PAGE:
Can you realy judge the pavé of your jewel? Pavé is the most used technique in jewelry, but few really know how it is made. Read how to evaluate the pavé stones on your jewels ♦
There are jewellery composed of gems so close to each other that it seems a continuous surface: is the effect of a pavé done perfectly, which transforms a flower, an insect or any shape in an object of unique harmony. The outcome is the result of many hours of work and great skills. Of course, recognize the best one is not difficult, just a certain sensitivity, but understand why it is so special makes the experience even more satisfying. Here a few examples of fine jewelry to get to know this technique: basically learn a bit more also helps to make better choices and make an informed purchase.
Conical holes are dug in the metal where insert the stones, that are subsequently blocked (set) with tiny balls obtained engraving with a chisel (scorper) the excavated material on the sides of the stone. It is clear that it is a job, the one done handmade by the jewel setter, very neatly. The shortest distance between stones requires greater skill and care, which increase the cost of production. Vice versa wider spaces filled with these tiny balls indicate the opposite. But not only: the throng around the stone often provides an effect of overall confusion that the experts define by the word dirty.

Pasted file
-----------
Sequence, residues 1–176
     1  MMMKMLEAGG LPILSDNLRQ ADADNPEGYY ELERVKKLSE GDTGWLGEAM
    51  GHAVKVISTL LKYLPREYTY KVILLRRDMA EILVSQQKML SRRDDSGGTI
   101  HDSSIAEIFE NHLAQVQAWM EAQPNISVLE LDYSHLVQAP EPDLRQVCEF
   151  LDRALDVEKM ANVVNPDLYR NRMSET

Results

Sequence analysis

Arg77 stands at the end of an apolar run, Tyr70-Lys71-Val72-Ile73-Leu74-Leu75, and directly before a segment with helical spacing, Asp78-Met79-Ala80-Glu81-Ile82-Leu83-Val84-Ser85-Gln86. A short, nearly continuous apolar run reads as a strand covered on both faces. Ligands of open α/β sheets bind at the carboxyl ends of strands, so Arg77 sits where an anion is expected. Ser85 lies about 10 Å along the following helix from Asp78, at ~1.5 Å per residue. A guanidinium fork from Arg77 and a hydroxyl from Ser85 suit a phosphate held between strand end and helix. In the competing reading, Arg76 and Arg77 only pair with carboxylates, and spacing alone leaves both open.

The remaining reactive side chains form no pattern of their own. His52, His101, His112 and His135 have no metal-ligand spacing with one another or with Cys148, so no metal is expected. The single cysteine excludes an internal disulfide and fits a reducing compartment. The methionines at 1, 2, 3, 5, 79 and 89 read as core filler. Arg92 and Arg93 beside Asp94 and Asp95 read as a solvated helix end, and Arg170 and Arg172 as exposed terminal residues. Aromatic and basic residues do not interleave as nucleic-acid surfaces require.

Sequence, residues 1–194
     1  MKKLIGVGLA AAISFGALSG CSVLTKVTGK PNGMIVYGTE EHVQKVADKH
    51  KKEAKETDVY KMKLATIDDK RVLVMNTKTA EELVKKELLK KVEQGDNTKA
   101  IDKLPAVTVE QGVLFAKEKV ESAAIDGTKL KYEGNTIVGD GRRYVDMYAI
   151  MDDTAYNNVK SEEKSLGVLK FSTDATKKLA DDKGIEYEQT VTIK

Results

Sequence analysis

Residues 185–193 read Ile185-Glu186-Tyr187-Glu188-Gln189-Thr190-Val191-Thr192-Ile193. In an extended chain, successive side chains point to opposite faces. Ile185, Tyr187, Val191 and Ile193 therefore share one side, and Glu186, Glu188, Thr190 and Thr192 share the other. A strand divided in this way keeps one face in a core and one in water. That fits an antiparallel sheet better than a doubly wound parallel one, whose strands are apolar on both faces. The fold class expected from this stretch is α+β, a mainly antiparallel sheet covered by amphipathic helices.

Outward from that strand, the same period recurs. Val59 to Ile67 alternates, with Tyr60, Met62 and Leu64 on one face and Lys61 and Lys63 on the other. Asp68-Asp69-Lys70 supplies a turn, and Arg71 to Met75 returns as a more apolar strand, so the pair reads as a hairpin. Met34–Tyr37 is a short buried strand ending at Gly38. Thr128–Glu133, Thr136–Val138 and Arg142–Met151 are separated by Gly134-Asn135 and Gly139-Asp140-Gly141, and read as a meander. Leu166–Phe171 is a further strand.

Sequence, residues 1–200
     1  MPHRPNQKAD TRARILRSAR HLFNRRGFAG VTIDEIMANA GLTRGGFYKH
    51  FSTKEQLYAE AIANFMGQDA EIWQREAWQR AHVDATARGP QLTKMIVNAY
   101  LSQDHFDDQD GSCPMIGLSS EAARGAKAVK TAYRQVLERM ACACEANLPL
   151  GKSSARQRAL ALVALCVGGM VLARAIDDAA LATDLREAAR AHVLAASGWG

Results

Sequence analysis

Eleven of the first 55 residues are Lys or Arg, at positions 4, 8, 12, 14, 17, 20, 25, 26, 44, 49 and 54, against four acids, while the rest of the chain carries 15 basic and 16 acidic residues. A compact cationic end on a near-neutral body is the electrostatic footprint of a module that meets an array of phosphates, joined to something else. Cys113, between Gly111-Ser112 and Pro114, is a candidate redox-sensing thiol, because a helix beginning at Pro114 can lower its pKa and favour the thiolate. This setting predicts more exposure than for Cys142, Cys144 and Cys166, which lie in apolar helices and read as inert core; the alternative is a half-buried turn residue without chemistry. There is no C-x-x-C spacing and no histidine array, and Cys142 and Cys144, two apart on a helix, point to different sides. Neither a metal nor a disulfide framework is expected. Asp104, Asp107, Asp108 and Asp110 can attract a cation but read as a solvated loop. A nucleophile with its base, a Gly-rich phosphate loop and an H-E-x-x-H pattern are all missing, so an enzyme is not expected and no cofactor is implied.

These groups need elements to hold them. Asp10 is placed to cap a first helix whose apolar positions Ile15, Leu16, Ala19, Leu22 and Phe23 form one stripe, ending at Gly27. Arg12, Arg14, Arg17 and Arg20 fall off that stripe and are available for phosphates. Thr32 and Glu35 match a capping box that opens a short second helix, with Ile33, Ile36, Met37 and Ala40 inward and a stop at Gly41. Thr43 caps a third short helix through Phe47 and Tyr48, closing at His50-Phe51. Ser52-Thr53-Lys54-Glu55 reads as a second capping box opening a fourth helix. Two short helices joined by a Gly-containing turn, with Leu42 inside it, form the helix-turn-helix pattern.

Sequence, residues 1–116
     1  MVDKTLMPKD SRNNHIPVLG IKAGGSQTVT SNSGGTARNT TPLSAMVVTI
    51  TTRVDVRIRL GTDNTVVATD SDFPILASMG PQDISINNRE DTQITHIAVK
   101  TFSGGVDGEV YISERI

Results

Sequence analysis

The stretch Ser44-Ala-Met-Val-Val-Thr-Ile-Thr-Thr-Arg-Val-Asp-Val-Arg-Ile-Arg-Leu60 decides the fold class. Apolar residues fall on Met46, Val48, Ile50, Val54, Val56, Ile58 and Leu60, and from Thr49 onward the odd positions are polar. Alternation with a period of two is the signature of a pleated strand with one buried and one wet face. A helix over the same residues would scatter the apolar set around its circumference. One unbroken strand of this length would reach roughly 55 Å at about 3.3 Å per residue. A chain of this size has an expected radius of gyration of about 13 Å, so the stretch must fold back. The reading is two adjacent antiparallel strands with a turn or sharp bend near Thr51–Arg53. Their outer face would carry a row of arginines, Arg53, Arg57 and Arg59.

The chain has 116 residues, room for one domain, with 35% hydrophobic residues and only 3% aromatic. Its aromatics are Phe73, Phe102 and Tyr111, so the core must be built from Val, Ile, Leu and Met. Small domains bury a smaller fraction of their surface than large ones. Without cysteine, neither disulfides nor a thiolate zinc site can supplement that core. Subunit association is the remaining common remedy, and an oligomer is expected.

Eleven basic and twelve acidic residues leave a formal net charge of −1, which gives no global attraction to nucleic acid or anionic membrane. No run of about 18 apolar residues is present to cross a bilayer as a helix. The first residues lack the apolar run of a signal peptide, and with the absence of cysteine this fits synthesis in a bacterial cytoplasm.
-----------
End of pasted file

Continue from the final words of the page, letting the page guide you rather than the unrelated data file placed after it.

The Tubetto collection by De Grisogono is a textbook example: the blacks diamond of the ring below, although of different dimension, are all on the same level. It is the ability of the stone setter to ensure that larger gems not protrude too much and small ones remain in evidence, and that requires the groove depth must be calculated to the nearest millimeter, operation even more difficult when they are of different sizes. Moreover, the tiny balls that hold the stones are nearly invisible in pictures like this where the object is much zoomed.
Here two more examples of admirable invisible setting, the Camaleonte by Vhernier and the American flag earrings by Michele della Valle. Getting this kind of quality is much more difficult with colorless diamonds on white gold, because with colored stones, if the base is good, you can improve the pavé by coloring the metal. Furthermore, in these two cases the pavé is continuous, does not have metal slabs that circumscribe it, but wraps the setting. Detail which increases the difficulty and the execution time.
Below is interesting to note the elegance of details: the tiny balls are in yellow or black gold depending on the color of the stones; in the second image instead, a mixed technique: the points on plate (cylinders applied on the metal instead of balls engraved with chisel) in the center and pavé on the sides.
Other examples of high all Italian handicraft: Drapes ring by Palmiero with stones of equal size despite the drape, and the Pom Pom bracelet by Pomellato.
Finally, always from Pomellato an example of pavé of line Sabbia, where seems that in the design phase at computer the space required to place the stones and tiny balls are pointed out without having to perform by hand to get this precise effect. Monica Battistoni